Alan Knapp joined the firm in 1969, straight from school, and stayed until his retirement 48 years later. In this interview, Alan picks out some of the highlights from his time with us, including driving forward several mergers, moving to Canary Wharf and helping to train the next generation of accountants.
Tell us how you began your career at the firm?
I joined James Todd & Co aged 18, straight from school, in September 1969. I’d estimate that over 90% of people entering the profession at the time didn’t go to university so it wasn’t as strange as it might sound now. I actually got my job offer on the day that Neil Armstrong and Buzz Aldrin landed on the moon!
At this point, it starts getting a bit complicated. James Todd & Co merged with Lancaster, Littlejohn & Co in 1974 and then, a few years later, the firm split into two. Partners and staff had to decide which way to go, and I chose to join the new Littlejohn & Co entity. That proved to be a good decision for a number of reasons, and my career started to take off.
How did you end up becoming an insurance specialist?
It became mandatory for Lloyd’s syndicates to be audited in 1983, which opened up a new income stream for the firm. It was decided that the firm needed scale in order to succeed in this changed market, so we took the decision to merge with de Paula, Turner, Lake & Co. That gave us critical mass and I became focused on our Lloyd’s activities.
At around the same time, I was involved in a long-running court case, where a claim of negligence was made against me and a fellow Partner. The case was dismissed by Baron Woolf – who went on to become Lord Chief Justice of England and Wales – and he concluded that we were actually very thorough in our work! As a result of the case, I became more interested in the technical elements of auditing and also the forensic and litigation side of the business.
You then became known in the firm, as well as the industry as a whole, as a specialist in training, technical and compliance matters. How did that come about?
My wife died in 1999 and I had three young children to look after. The firm was very supportive and accommodating during this difficult time, and we agreed that I would step back from my client-facing work. I’d always enjoyed working with trainees and had a good understanding of the technical aspects of the profession from the court case, so moving into training and compliance seemed like a logical next step. And it proved to be another good decision, as I remained in that area until I retired in 2017.
What are the highlights from your time here?
A few highlights spring to mind. Being made a Partner on 1 October 1980 aged 29 is something of which I’m very proud.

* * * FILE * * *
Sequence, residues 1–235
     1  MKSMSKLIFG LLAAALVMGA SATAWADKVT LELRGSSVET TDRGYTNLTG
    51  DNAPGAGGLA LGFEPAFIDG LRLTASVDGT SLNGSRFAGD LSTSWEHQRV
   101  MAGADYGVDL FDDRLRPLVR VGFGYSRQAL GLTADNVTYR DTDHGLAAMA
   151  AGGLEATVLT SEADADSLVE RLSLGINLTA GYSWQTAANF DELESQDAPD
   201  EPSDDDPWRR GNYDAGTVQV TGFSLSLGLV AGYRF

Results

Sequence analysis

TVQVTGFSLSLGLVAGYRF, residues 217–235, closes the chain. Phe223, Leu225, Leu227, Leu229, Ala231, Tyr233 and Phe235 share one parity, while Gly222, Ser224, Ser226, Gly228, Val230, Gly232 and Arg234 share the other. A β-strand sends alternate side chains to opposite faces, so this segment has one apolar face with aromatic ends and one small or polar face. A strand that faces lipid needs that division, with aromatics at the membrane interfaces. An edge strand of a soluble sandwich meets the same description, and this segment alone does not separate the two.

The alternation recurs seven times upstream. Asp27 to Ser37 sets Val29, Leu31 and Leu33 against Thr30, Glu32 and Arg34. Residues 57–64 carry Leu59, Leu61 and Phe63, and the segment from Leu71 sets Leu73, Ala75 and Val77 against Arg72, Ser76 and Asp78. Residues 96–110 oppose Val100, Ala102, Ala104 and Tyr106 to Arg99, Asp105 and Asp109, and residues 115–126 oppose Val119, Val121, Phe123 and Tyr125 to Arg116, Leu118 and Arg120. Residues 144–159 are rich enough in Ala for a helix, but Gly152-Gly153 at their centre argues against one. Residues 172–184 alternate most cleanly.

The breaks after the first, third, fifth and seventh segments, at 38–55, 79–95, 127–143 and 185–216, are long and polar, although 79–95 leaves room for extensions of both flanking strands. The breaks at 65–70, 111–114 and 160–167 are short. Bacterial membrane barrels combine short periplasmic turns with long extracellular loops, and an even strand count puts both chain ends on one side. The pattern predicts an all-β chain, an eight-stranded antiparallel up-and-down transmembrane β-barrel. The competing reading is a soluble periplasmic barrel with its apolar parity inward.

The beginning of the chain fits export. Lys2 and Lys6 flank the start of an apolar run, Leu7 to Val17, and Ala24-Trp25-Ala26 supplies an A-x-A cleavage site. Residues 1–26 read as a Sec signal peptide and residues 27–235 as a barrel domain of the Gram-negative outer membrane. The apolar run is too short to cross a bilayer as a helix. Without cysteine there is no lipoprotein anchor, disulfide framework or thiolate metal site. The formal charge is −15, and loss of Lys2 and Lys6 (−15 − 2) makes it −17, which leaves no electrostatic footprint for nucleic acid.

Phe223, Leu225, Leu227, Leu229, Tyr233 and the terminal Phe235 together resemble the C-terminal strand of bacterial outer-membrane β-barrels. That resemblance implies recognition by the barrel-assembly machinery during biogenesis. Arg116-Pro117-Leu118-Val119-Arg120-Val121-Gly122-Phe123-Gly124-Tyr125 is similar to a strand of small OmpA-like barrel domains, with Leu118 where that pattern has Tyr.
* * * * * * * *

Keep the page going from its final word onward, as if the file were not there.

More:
I’m also pleased that I was involved in the decision to move our London offices to Canary Wharf back in the mid-1980s. Following another merger – this time with Frazer, Whiting & Co in 1986 – we had four offices spread across the City and Romford and took the step of consolidating into a single property and heading across to the Docklands, despite the lack of infrastructure at that time. There was no DLR, no Jubilee Line and certainly no Elizabeth Line! The choice wasn’t as bold as it might sound because there were substantial tax incentives available to anyone who moved – but we still became one of the first professional services firms to venture into this emerging financial district. The firm is still in the area almost 40 years later, which suggests that the decision proved to be a shrewd one!
And having the firm’s training rooms named after me in our new offices is also lovely!
You worked at the firm for decades, which is rare these days. Were you ever tempted to leave?
It’s not unusual for people to stay at the firm for a long time – there are plenty of Partners and staff who joined in the 1980s and 1990s who are still working there. But, no – I always felt looked after at the firm, through good times and bad, and I wanted to repay that loyalty.
What are you doing now?
After 48 years working in the sector, I made a conscious decision when I retired not to do any consulting work or take on any non-executive roles. I felt like I’d earned myself a break! I now spend my time on a range of interests – enjoying the company of my children and growing band of grandchildren, keeping track of my investments, watching sport and going to the theatre. I also stay in touch with a number of former colleagues and we meet fairly regularly to see how we’re all getting along.
What do you miss most about working here?
It’s a cliché, but I miss working with so many gifted people. Over the nearly 50 years I spent at the firm, my colleagues taught me so much and gave me such good advice. I always felt supported – particularly during the tough times – and made a lot of close friends along the way. I’m very grateful for that.